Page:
If you happen to think that people, or certain kinds of people, are inherently lazy or dishonest or greedy or whatever, you will notice and store data that confirms this view. When your interaction with that group (or an individual that you consign to that group) hits a rocky patch, your schemas for that group or person will play a significantly more pronounced role in the interaction.
The same applies once you’ve started to think about certain others in a positive light, perhaps as smart or energetic or generous. Data that doesn’t fit your existing schema for that person or group of people will either be rejected or it will be distorted so that it fits. This schema will influence your behaviour, and your behaviour will confirm your schema. Even if they’re not deliberate or conscious, these beliefs and assumptions about others shape your reality. And, as we’ve seen from Rosenthal’s research, your beliefs and assumptions about others will also shape their reality.
It makes intuitive sense. Your unconscious (or conscious) assumptions about other people affect your approach towards them, they affect the temperature, distance, tone, language – pretty much everything that makes up a relationship. Put another way, how you see affects what you see, which affects what you do. This affects what others do, which affects what you all get.
I’ve seen this play out in a positive way repeatedly in my work with investment professionals. The simple act of engaging my clients with unconditional positive regard is itself a sort of catalyst that sets in motion for them an alchemical process towards higher functioning and even self actualisation. The way in which you hold another person in mind creates the conditions in which magic can and does happen.
The way in which you see the other members of your investment team is not privately contained in your internal world. That view leaks out in all sorts of subtle ways and they pick up on these leakages and turn them into real, lived experiences. How you see them determines how you interact, which determines how they feel and what they bring, and this determines what your team achieves. How you see your colleagues matters.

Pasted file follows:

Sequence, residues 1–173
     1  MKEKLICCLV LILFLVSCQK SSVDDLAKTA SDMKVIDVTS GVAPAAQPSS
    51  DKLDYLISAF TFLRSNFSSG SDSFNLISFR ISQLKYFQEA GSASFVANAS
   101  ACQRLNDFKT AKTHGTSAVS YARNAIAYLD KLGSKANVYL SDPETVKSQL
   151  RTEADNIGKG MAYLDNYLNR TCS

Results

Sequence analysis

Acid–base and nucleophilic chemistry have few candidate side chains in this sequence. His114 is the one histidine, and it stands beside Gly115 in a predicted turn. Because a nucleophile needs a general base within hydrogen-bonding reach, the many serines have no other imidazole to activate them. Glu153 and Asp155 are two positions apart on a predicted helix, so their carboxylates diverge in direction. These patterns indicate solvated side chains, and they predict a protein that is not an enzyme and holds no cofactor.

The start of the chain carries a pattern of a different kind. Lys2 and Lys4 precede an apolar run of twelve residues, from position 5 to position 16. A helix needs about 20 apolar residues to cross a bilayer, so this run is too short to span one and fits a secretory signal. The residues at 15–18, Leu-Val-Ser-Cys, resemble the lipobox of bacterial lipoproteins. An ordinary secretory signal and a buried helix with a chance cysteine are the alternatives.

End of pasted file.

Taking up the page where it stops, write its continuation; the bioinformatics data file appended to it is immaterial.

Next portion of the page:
If you consciously choose to have high positive expectations of your colleagues, you do run the real risk that you will be disappointed some of the time. Nobody likes that. And so there’s a certain sort of logic to want to hedge against the pain, which is usually done by setting low or negative expectations. That way it might not hurt as acutely when you’re disappointed. But it’s also likely to be negatively self-fulfilling. Not a great hedge.
You will have accumulated some evidence that some of your colleagues do not deserve to be treated with unconditional positive regard. They haven’t earned the right, you might say. Yes, that may be. But you already know that my response would contain the word schema. Are you sure that you haven’t unconsciously been selectively noticing, encoding, and retrieving data that supports your pre-existing view of these colleagues?
It takes courage to have a positive view of your colleagues, with all the evidence you’ve collected and with the knowledge that there are no guarantees. Rather than putting in place a hedge that has a self-fulfilling downside, it might be massively more constructive to buy some upside optionality. There is every possibility that just shifting your internal view of the members of your team will alter the trajectory of your relationships and what you can collectively achieve.
Changing a schema is hard. This we know. But it’s not impossible. It starts with being courageous enough to consciously set your intention for just one relationship, and keep resetting your intention even when the data seems to point the other way. Frankly, it sounds irrational. But we are, after all, talking about making magic.
- Who is one person for whom you’re prepared to risk raising your expectations?
- What new expectations will you have of this person?
- How will you reset your high expectations if you’re disappointed?
- Rutger Bregman: Human Kind (2020)
- Justin Newdigate: Noise (2019)
- Robert Baron: Social Psychology (2006)
- Robert Rosenthal: Pygmalion In The Classroom (1968)